See this? On the cricket field, this is your best friend. Wikipedia calls it by the gentler name of “abdominal guard.” But let’s call a spade a spade. It’s a box. A frog. An anti-nut cracker. A night saver. A male fertility preserver. The Castration Canceller.
You get the picture.
Only thing is, is that it’s generally only worn by batsmen.
In the field, you’ve only got your left and your right hands to protect you. Which is usually fine, 999 times out of 1,000. Your hands are reliable. They’re safe. They’re more often going to get at least a little piece of the pill before any real damage can be done to you or your person. Occasionally you might let one slip through your fingers, and you might wear some leather on your chest, or your thigh, or your face might get a wee graze. And that’s fine. You can deal with that. It’s not ideal, but you’ve had worse.
But sometimes – once in a blue moon – your hands completely fail you. The ball goes right through the gap unimpeded. And that’s when disaster strikes.
Spare a thought then for England captain Alastair Cook, who suffered the most inglorious of on-field disasters during last night’s Day 2 of the First Ashes Test in Cardiff against our very own Australian lads.
A genuine edge from Steve Smith off the bowling of English paceman Jimmy Anderson sent a chance hurtling towards Cook at first slip at around 140 km/h. Cook, committed to the catch – having swallowed up a similar nick from David Warner a mere three deliveries earlier – didn’t anticipate an errant bounce, which bypassed his hands entirely and cannoned straight into his crown jewels.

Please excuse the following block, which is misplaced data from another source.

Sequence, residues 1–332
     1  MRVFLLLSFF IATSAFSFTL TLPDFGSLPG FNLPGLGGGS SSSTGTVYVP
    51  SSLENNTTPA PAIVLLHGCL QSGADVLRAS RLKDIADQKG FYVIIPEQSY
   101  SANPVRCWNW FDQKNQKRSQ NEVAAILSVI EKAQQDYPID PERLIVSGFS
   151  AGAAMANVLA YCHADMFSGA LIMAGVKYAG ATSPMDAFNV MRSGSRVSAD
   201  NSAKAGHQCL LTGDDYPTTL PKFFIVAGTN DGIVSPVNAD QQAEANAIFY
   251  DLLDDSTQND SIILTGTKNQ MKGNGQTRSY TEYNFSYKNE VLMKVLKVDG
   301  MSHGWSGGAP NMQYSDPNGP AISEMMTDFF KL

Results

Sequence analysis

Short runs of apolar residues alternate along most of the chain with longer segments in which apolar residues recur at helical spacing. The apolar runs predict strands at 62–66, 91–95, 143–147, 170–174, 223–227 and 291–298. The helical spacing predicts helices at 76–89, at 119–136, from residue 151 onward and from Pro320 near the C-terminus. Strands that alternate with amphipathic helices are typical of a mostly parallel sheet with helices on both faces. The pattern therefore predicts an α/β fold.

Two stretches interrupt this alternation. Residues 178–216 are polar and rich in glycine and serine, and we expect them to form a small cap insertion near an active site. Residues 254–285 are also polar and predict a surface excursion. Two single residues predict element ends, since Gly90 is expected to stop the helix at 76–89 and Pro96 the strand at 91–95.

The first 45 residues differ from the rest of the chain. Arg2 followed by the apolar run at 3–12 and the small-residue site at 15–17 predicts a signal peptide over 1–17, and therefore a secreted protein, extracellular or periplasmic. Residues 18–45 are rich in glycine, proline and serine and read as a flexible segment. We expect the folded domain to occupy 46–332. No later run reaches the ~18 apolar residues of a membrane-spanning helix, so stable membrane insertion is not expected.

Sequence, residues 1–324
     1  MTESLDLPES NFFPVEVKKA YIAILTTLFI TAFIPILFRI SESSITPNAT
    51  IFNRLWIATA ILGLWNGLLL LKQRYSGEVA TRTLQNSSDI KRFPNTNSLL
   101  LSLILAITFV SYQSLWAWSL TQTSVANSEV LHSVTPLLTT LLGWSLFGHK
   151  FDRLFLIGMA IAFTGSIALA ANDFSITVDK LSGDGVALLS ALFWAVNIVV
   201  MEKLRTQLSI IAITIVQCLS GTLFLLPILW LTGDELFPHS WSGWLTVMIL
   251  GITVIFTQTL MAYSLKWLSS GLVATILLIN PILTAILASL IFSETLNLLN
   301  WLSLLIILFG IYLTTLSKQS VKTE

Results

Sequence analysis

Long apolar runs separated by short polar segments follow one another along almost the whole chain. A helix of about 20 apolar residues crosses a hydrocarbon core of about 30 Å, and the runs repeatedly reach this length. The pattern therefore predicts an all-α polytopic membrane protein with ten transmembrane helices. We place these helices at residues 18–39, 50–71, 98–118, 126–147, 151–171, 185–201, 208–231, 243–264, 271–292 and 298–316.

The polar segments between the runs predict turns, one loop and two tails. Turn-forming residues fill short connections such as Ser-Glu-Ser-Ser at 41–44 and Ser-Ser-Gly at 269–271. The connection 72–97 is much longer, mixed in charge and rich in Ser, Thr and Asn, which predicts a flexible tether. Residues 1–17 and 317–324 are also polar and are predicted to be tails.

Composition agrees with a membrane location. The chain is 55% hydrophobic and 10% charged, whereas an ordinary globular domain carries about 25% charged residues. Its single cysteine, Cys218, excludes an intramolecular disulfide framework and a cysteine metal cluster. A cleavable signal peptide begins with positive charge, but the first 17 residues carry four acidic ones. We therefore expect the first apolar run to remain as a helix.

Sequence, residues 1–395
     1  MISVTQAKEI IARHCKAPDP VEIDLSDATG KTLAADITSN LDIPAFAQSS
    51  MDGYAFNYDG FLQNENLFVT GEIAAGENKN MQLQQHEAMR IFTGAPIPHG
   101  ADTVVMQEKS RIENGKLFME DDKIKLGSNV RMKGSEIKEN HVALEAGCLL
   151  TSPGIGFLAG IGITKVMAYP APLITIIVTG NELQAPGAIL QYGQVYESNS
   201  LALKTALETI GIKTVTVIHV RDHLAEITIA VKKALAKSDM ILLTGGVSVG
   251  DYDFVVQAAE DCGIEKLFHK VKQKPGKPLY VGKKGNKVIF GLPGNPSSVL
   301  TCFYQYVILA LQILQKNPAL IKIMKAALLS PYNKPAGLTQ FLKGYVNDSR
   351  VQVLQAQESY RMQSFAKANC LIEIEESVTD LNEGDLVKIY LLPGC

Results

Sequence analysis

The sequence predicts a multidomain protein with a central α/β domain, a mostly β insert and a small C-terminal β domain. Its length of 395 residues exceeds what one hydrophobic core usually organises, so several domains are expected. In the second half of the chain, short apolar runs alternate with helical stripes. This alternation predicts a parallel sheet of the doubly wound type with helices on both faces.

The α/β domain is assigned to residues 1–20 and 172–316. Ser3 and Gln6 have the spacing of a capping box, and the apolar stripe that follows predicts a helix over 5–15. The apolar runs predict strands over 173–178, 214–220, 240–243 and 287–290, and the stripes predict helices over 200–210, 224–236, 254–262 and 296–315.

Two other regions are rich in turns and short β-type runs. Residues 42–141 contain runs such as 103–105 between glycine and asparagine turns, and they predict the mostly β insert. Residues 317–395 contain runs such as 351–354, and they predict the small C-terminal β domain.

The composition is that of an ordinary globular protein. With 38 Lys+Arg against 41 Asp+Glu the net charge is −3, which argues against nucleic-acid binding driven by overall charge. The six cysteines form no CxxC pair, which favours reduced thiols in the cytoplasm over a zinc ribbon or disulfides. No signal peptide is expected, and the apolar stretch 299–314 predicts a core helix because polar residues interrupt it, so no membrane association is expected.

Hear that? That’s the sound of every male in the room simultaneously laughing, crying, wincing, and forcing down the tiny bit of vom that just came up.
Cook was down for a solid period of time in agony, which wasn’t helped in the slightest by vice captain Joe Root, who refused to ignore the funny side of the incident.
Cook left the field to receive treatment (ice, a quiet sit down, and a quick recount) before returning to the field later.
Day 2 of the first test ended with Australia on 5/264, in reply to England’s first innings total of 430 all out.
Play continues tonight. Coverage begins at 8pm live on GEM.
Photo: Mitchell Gunn via Getty Images.